Summary: To be transformed we must forgive.

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Series: Resolutions Worth Making

Title: Forgiveness

Text: Matthew 18:21-35

Truth: To be transformed we must forgive.

Aim: To encourage forgiveness.


Louie Zamperini is the subject of the current hit movie Unbroken. He was born in 1917 in New York, then, shortly afterward, his family moved to the west coast to live in Torrance, California. In Kindergarten he did not speak English. This, and his Italian heritage, made him the focus of bullying. He learned to fight and get even with his tormentors. At ten he was smoking and stealing liquor; he was a juvenile delinquent. The school principle, his older brother, and a police officer came together to decide how they were going to change this wild child. They decided to put his running abilities to work by getting him involved in track. His first race was the 660. Louie came in dead last. But he set a national high school track record for the mile, which stood for two decades. It earned him the opportunity to be on the 1936 Olympic team that went to Berlin, Germany. He finished eighth in the 5,000 meters, but his finishing lap of 56 seconds was a record that stood for several years. It earned him the opportunity to meet Adolph Hitler.

The movie is mainly about his time as a POW of the Japanese. The brutality and cruelty is shocking. I do not think I could have survived what Zamperini endured. But, typical of Hollywood, they chose to downplay his Christian faith which is truly the exemplary part of his life. The movie exalts his unbroken spirit despite great hardship, but the truth is Louie Zamperini was a broken man after the war. Every night he had nightmares about the cruel POW camp commandant, “the Bird.” One night he woke up and was strangling his wife, but in his dream he was strangling “the Bird.” He became an alcoholic, because, he reasoned, if he got drunk every night he could sleep without these horrible nightmares. Obviously, it did not work, and his wife said she was going to divorce him.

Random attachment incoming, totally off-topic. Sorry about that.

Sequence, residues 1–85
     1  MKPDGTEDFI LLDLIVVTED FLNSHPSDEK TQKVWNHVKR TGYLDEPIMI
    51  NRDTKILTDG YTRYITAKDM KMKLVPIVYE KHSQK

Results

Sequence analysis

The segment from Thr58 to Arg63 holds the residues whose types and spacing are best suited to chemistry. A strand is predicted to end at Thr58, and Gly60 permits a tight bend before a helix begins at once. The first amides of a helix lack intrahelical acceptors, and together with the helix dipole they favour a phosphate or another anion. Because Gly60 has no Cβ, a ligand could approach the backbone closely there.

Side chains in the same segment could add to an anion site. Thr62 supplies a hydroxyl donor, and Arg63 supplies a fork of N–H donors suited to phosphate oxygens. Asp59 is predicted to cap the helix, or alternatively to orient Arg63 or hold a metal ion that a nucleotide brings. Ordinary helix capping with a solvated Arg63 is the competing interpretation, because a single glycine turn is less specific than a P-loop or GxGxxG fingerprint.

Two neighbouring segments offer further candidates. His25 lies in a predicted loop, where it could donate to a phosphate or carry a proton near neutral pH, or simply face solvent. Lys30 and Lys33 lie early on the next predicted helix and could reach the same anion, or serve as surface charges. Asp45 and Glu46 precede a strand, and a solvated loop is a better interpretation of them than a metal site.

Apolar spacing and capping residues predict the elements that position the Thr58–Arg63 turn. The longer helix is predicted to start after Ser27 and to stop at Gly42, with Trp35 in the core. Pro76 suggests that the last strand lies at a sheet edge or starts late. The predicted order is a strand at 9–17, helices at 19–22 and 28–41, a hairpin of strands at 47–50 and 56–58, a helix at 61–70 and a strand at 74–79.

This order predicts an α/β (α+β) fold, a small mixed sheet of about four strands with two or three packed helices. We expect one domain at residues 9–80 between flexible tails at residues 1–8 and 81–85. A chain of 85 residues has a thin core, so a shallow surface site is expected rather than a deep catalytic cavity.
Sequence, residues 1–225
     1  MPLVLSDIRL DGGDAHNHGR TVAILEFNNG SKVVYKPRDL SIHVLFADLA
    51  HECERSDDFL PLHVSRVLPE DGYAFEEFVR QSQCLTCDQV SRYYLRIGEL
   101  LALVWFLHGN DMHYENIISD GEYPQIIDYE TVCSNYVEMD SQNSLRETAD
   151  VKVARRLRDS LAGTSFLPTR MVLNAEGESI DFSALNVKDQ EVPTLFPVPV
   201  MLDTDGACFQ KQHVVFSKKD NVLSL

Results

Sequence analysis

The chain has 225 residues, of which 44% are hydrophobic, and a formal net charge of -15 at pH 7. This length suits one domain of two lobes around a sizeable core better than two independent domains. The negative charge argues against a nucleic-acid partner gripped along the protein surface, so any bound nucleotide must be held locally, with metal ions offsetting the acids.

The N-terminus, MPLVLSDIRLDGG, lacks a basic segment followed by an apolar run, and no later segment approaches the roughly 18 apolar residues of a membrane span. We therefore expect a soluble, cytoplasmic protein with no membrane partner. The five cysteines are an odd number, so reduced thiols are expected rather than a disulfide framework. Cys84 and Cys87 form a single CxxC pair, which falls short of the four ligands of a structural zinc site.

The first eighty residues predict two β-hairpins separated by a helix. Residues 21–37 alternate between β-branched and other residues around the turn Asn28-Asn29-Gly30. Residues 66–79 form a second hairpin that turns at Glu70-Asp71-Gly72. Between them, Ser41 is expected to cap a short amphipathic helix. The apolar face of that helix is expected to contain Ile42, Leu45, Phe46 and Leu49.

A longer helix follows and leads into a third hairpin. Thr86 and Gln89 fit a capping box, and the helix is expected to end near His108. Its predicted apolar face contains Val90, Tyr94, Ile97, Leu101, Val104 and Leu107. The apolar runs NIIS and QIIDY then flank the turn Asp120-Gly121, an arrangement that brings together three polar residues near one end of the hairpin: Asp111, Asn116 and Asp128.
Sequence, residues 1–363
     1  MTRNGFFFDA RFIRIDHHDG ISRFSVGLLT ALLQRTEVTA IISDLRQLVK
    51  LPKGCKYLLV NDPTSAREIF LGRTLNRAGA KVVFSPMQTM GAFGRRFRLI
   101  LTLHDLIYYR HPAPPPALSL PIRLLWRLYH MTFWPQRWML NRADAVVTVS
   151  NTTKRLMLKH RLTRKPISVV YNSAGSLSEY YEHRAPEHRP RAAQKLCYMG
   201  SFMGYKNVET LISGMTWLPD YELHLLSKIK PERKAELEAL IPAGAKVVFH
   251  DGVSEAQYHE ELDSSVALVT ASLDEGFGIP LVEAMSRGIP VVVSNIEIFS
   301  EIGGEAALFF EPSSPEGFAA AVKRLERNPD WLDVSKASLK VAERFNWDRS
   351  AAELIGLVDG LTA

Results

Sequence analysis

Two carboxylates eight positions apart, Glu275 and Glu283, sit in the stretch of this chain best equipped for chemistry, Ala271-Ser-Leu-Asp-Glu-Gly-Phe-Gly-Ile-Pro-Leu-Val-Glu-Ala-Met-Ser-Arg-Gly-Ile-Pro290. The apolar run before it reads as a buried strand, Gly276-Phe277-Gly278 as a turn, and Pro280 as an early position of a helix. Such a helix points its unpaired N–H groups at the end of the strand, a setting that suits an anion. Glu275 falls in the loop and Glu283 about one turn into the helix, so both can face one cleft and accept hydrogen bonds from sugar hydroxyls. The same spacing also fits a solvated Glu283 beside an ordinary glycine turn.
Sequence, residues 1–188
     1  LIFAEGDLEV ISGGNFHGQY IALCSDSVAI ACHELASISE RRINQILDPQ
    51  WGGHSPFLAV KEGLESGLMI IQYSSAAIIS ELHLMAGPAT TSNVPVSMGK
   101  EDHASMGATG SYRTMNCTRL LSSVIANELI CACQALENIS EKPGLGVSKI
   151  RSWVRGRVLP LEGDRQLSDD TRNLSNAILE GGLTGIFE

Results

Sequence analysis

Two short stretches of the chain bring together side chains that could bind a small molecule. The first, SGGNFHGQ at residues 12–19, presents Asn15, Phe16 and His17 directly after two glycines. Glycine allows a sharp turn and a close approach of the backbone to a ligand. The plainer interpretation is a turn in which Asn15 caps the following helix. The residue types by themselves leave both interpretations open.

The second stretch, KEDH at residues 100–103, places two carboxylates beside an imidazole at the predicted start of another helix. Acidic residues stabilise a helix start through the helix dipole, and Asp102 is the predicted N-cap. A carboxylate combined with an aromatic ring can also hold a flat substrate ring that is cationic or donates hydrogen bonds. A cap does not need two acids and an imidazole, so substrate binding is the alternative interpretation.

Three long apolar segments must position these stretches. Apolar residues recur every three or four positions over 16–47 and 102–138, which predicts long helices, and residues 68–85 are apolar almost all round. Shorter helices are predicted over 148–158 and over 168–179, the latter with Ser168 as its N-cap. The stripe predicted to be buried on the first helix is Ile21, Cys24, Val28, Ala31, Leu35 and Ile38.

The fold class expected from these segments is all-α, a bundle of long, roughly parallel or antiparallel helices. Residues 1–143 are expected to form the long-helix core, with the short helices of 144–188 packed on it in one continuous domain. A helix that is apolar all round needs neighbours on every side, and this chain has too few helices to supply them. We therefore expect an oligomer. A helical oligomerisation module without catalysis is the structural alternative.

In 1949 an exciting new evangelist held a huge tent revival in the area. Louie’s wife attended and was saved. She told him that because of her decision to accept Christ she had decided not to divorce him. He was very happy about that, and eventually, and reluctantly, he went to hear the young evangelist, Billy Graham. Louie said for 30 minutes he talked about one man, Jesus Christ, and Louie received Christ.

When he got up off his knees he knew he had forgiven every Japanese prison guard, including “the Bird”, who tortured him. That night, and every night for the rest of his life, he never had another nightmare about the torture he had endured and the anger to kill those who hurt him. He called it a miracle. Later he went back to Japan and met with every guard to tell them he forgave them. Some even accepted Christ, but the man known as “the Bird” refused to meet with him. The message of forgiveness is more needed than the message of a man who refused to be broken.

In a national survey by pollster George Barna, four out of ten Americans said they were currently having difficulty forgiving someone who had wronged them. As many of those people were Christians as non-Christians. Forgiveness is not the preferred choice for most Christians. If becoming a Christian were the only requirement for being a forgiver, then our churches would be filled with loving and forgiving people.

Dr. Martin Marty, a well-respected scholar of the University of Chicago, analyzed the distinctive traits of the dominant world religions. Marty summarized these religions with a one-word description of the essence of each. According to Marty, Buddhism equals suffering, Islam equals submission, Judaism equals monotheism, and Christianity equals forgiveness. The fundamental blessing of salvation is forgiveness.

The public library in a county seat town was next door to the Baptist church. One day a group gathered on the sidewalk, pointing and laughing at a sign on the library steps which said, “Forgiveness Day.” Anyone with an overdue book could bring it in on that day with no penalty charged and no questions asked. All was forgiven, and the record was erased. The borrower’s library card was as clean as though he had not kept the book beyond the due date.

Someone in the crowd commented that the sign was on the wrong building—it should have been in front of the church, because “they’re the ones in the forgiveness business.”

But forgiveness can be perplexing. What does forgiveness look like? Is it something that is done immediately, or is there a process? Is forgiveness something that requires the other person to repent, or is it something we do inwardly, personally for our own benefit? If we forgive, does it mean that we have to return to the persistently abusive, miserable relationship?

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